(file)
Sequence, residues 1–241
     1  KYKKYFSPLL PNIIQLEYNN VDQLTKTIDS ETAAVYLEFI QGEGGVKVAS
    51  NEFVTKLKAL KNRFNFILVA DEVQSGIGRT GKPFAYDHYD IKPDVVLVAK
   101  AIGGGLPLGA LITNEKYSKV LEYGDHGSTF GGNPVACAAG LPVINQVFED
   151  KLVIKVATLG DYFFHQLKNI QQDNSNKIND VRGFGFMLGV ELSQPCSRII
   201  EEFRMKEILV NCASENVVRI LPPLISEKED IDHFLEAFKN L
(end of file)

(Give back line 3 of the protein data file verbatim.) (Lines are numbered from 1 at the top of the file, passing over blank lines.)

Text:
    51  NEFVTKLKAL KNRFNFILVA DEVQSGIGRT GKPFAYDHYD IKPDVVLVAK